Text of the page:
Taiwan’s broadcast regulator has ordered the closure of one of the island’s most ardently pro-China cable news networks following a monthslong battle over journalistic standards and freedom of the press.
The National Communications Commission will not renew the broadcast license of Chung T’ien News, its chairman Chen Yaw-shyang said at a briefing in Taipei on Wednesday. The station had repeatedly violated broadcast regulations, including frequent failure to fact check news items and the network owner’s involvement in the editorial process, Chen said.
“The key issue is its largest shareholder Tsai Eng-meng is directly and indirectly involved in the production of news programs,” Chen said. “We believe it’s unable to improve its poor operations by solving the structural problem of its shareholder’s involvement.”
Tsai Eng-meng is Taiwan’s second-richest man with a fortune worth $5.6 billion, according to the Bloomberg Billionaire’s Index. The chairman of Shanghai-based rice cracker and beverage maker Want Want China Holdings, he has long been a vocal advocate of Taiwan’s unification with China.
Chung T’ien News, among Taiwan’s most-watched cable news stations, is widely seen as the most vocal supporter of unification with China among the main TV news networks. It is often strongly critical of President Tsai Ing-wen, who views the island as a de facto independent nation.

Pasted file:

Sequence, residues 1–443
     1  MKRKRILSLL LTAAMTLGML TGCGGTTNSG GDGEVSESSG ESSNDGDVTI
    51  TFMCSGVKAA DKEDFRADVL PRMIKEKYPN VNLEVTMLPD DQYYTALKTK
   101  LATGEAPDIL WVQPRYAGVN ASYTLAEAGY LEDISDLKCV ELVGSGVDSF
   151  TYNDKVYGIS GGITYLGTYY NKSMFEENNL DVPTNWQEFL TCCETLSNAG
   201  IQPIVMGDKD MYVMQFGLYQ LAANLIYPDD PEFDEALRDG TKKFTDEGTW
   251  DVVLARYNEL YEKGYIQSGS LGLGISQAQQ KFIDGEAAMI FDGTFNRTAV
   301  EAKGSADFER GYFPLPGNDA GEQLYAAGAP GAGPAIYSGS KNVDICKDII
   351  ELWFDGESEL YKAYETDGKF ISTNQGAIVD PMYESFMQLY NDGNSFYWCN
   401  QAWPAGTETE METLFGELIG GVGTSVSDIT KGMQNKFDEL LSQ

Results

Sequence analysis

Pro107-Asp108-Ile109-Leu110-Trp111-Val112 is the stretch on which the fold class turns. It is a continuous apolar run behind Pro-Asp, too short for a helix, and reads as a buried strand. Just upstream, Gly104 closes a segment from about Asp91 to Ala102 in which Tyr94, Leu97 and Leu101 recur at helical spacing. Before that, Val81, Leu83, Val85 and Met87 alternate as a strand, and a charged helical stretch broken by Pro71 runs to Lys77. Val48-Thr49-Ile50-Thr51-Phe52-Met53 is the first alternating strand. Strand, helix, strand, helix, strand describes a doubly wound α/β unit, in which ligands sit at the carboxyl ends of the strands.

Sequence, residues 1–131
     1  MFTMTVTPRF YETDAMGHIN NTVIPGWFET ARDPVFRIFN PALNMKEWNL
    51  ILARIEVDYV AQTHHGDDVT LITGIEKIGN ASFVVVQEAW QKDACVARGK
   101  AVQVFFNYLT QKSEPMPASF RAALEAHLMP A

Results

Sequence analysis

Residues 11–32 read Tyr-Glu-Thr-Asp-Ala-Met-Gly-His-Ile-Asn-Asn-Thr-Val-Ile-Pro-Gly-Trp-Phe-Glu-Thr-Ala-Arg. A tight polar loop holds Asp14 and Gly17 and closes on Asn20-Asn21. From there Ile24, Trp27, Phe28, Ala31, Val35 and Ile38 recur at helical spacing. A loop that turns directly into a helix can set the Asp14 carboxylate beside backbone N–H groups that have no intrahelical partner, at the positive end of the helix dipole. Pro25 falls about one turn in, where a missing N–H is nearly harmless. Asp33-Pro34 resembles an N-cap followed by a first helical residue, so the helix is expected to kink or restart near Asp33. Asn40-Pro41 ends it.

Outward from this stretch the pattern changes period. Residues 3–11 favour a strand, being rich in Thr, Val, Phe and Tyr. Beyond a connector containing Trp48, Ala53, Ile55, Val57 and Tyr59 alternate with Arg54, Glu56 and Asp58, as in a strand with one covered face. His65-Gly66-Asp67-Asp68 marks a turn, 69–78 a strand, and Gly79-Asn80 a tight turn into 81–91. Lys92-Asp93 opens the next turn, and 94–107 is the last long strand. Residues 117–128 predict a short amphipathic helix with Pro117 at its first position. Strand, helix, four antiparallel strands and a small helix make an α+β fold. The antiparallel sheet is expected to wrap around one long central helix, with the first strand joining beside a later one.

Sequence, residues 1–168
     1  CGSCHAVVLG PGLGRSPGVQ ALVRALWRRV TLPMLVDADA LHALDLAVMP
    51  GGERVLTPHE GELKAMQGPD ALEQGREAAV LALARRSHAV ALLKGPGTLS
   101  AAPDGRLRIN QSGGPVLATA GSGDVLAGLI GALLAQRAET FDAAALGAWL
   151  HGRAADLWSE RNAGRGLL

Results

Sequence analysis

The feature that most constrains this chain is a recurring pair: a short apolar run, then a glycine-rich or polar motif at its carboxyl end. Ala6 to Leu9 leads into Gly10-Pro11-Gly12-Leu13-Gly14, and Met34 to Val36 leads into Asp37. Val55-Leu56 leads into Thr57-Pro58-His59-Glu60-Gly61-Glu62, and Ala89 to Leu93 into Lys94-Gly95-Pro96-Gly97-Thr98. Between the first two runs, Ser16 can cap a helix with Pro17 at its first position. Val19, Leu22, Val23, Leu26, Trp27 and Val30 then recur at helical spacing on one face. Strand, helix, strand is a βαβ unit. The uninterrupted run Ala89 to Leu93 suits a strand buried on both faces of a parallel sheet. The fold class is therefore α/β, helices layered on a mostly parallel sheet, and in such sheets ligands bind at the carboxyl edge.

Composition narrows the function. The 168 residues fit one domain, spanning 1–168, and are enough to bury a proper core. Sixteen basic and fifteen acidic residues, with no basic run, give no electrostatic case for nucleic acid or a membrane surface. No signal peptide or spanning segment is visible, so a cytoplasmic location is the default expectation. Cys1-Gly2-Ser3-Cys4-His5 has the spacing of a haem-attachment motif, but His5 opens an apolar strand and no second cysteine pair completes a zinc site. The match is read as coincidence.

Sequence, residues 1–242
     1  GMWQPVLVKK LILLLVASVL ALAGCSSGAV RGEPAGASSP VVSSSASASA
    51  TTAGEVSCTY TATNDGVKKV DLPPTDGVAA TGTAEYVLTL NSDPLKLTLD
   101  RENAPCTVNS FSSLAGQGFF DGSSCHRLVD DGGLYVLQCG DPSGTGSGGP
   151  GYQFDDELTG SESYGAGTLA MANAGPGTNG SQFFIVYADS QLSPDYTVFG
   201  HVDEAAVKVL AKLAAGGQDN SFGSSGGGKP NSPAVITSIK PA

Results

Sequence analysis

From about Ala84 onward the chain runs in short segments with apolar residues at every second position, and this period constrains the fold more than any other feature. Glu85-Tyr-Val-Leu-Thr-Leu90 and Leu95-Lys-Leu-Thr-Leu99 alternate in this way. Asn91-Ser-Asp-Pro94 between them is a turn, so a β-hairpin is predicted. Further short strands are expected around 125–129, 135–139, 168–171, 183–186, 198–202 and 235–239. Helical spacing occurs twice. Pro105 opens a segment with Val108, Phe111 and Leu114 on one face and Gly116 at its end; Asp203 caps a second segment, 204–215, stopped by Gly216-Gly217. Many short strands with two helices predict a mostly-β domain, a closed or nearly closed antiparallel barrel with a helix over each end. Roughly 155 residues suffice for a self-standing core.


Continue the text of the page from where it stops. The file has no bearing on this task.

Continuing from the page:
Wednesday’s announcement is the latest example of the often fraught relationship between press freedom and concerns over Chinese influence in Taiwan’s fiercely competitive media landscape.
Taiwan is Asia’s second highest-ranking market after South Korea on Reporters Without Borders’ World Press Freedom Index. Since the NCC began its review process of Chung T’ien News, the network has claimed a failure to renew its broadcast license would be a politically backed attack.
Chung T’ien called Wednesday’s ruling illegal in a statement and vowed to pursue legal action to protect their employees’ rights to work and freedom of the press.
The NCC’s Chen insisted the station’s rejection was not politically motivated. Chung T’ien News was the subject of more than 960 public complaints to the regulator last year, accounting for about 30% of all complaints about TV programming, he said.
The station was at the center of concerns over Chinese attempts to sway Taiwan’s public opinion in the lead up to Taiwan’s election at the beginning of the year. It was the focus of a public protest last year when tens of thousands gathered outside the Presidential Office in June to voice their opposition to what they called “red media.”
Chung T’ien News, which employs 475 people, will be able to continue broadcasting until its current license expires on Dec. 11. The NCC granted its affiliated general entertainment channel permission to continue broadcasting under the condition it increases how much it invests in Taiwan and raises the percentage of domestically-produced programs.
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